Johnson feels that he has reason to distrust the courts – one of his first acts as Prime Minister was to shut down parliament entirely and then for that to be ruled illegal. If he intends more of the same then he must shore up his own supremacy and diminish such oversight.

And of course, he has shown that he intends more of the same. During the 2019 election Johnson notoriously avoided scrutiny by interview or debate; undoubtedly under the management of Cummings. When he took power, he banned some reporters from press briefings.

In Parliament, Johnson refused to be scrutinised by the only Select Committee with the power to do so: three times. He has recently consented but only after bypassing Parliamentary convention to install a key ally as the committee chair, limiting the questioning time in relation to the Cummings scandal, and excluding prominent critics from within his own party.

Whitehall reforms

Perhaps it’s just part of the white-wash of the Cummings scandal that colleagues are suggesting he might quit in six months but their statements are very much linked to whether he can carry out his “Whitehall reforms.” Supportive MPs who are close to Number 10 have also repeated and supported Cummings’ aim of “fixing the Whitehall machine.”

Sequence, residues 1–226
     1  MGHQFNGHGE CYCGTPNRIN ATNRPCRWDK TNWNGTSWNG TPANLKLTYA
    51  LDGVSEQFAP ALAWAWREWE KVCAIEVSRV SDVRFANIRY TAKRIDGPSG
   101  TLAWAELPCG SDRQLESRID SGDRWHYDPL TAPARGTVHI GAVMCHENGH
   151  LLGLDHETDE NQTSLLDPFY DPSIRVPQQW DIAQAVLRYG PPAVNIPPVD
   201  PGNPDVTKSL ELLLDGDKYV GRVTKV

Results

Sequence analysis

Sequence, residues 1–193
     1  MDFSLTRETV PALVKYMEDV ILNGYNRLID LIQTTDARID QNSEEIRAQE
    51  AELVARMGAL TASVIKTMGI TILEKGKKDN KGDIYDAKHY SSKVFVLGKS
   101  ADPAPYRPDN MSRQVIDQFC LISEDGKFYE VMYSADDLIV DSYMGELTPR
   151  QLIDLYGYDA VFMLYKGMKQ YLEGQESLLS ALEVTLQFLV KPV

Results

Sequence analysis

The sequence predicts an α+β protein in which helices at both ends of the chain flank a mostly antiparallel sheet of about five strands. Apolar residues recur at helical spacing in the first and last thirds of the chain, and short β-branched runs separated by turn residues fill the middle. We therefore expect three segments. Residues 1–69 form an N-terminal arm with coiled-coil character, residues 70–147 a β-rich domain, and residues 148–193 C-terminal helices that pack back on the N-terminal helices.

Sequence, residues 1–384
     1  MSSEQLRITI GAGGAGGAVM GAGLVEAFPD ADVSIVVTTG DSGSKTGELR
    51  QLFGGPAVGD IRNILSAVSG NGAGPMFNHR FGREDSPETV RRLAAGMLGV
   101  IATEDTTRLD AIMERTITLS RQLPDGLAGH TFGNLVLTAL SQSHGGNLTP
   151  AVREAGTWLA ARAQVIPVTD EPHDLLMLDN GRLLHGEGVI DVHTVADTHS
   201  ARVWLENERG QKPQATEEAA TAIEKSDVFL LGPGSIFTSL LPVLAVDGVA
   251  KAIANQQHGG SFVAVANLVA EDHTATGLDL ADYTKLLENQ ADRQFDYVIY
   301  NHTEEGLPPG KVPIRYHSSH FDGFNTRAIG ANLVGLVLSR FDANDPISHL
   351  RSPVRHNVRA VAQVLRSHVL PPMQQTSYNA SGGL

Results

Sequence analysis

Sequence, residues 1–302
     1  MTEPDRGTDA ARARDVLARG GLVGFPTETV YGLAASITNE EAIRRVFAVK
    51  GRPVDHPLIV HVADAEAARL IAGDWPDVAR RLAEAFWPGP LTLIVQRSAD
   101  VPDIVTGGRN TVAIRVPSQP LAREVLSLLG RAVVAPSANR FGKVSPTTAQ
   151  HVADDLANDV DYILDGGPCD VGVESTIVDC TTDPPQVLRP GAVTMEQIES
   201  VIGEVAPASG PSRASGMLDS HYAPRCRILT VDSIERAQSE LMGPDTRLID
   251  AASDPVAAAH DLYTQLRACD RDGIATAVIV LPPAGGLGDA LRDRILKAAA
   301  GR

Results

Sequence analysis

This could refer specifically to the Civil Service or it could mean the full package of manifesto pledges as described above.

Cummings has made clear that he wants to rip up the Civil Service as we know it, including that he wanted to hire ‘weirdos and misfits.’ Ultimately Cummings ended up hiring another eugenicist. Of course, when the minor scandal of that employee’s past actions was raised, he was got rid of immediately.


One Response

  1. […] If we return to Verovšek’s research he describes a playbook for illiberal democracy, “gerrymandering, the manipulation of electoral rules, the neutering of the judiciary, and the takeover of the media by tycoons friendly to the regime.” Each of these can be seen directly as pledges in the UK’s Conservative Party manifesto from 2019. Redefining electoral boundaries (and redefining the basis for that once in power), bringing in voter suppression through ID requirements, publicly attacking and promising to “review” the judiciary, and dismissing the press regulation proposals of the Leveson inquiry are all promises from the UK’s new government. […]